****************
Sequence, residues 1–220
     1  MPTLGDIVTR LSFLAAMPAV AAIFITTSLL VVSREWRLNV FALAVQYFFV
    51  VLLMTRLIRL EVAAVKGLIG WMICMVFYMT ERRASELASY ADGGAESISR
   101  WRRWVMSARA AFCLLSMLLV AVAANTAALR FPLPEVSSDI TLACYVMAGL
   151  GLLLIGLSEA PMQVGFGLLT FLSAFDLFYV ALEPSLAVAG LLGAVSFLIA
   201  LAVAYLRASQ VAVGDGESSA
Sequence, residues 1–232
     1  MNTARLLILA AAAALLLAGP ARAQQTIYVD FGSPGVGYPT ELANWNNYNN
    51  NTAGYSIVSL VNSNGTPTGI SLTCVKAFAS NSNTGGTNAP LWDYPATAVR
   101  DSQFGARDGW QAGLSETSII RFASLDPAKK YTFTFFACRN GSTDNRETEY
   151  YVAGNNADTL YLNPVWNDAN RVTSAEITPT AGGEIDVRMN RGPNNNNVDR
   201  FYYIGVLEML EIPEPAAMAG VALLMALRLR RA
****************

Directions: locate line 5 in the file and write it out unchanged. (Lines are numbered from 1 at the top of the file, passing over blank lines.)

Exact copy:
   151  GLLLIGLSEA PMQVGFGLLT FLSAFDLFYV ALEPSLAVAG LLGAVSFLIA